Sunday, June 19, 2016

Tropical Storm Danielle (2016)

Storm Active: June 19-21

A tropical wave moved over the eastern Atlantic from Africa during the first week of June. However, it being so early in the hurricane season, the system had no opportunity to develop further for nearly two weeks, when it began to produce thunderstorm activity near the coast of Nicaragua on June 15. The wave continued generally west-northwestward for the next few days, during which time land interaction inhibited organization. On June 18, it emerged into the Bay of Campeche, and a low pressure center formed in association with the wave. During the next day or so, moderate wind shear affected the system, hindering convective banding. However, the center of circulation became better defined on June 19 as shear gradually lessened, while increasing shower activity showed hints of banding in the northern semicircle. As a result, the system was designated Tropical Depression Four.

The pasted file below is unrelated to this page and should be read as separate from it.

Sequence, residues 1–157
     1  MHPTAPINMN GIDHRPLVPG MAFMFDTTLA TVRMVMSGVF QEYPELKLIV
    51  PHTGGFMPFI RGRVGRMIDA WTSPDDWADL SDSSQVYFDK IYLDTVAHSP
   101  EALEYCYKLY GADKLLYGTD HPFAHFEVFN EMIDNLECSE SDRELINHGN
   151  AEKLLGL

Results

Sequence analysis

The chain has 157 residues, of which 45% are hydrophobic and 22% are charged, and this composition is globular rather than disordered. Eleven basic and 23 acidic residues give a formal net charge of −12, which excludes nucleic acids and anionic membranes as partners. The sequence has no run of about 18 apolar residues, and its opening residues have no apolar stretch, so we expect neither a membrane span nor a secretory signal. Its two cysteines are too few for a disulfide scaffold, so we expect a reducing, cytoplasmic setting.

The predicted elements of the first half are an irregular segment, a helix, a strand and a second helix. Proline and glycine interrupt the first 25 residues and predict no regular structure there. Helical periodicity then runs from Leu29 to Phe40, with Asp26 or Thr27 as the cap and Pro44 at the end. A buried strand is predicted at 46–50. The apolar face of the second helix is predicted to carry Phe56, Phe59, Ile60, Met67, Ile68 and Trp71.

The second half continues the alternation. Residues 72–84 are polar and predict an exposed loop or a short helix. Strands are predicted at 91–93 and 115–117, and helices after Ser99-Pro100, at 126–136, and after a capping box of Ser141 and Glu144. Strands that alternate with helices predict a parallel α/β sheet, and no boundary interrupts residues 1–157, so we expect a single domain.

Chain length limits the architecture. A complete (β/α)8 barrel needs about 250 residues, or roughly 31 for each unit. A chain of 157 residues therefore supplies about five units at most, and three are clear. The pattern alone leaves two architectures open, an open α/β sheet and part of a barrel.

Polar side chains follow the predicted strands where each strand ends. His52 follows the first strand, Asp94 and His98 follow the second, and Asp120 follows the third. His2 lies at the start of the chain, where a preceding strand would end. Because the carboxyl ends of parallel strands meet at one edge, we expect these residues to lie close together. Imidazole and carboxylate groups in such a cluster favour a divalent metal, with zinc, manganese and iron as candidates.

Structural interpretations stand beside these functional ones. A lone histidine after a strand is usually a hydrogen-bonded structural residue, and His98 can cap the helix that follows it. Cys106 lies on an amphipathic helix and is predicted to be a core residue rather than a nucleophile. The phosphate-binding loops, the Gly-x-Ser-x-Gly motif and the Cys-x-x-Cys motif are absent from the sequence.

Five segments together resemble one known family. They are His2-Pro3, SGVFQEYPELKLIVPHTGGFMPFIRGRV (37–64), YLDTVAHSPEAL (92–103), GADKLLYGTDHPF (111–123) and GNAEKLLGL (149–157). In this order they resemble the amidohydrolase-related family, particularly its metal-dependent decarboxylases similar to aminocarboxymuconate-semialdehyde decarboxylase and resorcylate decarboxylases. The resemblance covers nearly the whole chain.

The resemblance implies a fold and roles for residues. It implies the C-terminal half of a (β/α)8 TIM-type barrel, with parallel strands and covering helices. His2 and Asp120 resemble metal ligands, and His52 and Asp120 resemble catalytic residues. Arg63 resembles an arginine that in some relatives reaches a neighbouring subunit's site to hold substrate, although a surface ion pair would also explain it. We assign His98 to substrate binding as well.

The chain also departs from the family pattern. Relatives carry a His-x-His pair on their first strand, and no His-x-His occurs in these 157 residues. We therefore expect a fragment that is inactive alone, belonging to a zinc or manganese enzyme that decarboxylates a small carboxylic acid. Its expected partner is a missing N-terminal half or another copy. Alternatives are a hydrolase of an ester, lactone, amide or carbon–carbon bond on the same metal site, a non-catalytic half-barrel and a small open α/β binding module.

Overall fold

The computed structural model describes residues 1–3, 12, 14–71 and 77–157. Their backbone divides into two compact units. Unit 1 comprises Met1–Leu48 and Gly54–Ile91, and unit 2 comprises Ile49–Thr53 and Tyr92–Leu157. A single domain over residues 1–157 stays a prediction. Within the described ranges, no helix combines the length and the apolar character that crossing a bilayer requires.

After a brief lull in convective activity that evening, a large area of deep convection blossomed overnight, albeit not all that organized about the center of circulation. By the morning of June 20, reconnaissance aircraft discovered gale force winds in the system, prompting an upgrade to Tropical Storm Danielle. This was the earliest naming of a fourth storm in the history of Atlantic hurricane seasons, beating out the record set by Tropical Storm Debby in 2012 by 3 days. Heavy rain began over the Mexican coast on the west side of the Bay of Campeche and continued as Danielle moved west-northwestward toward land. Danielle reached its peak intensity of 45 mph winds and a minimum pressure of 1007 mb before making landfall in Mexico that evening. The storm brought 8-12 inches of rain to a large area of Mexico as it quickly weakened over the mountainous terrain of Mexico. It dissipated early on June 21.

During its brief period as a tropical system, Danielle brought heavy rains to eastern Mexico.

Forming in the central Bay of Campeche, Danielle did not have time to strengthen significantly before it moved westward over land.

No comments: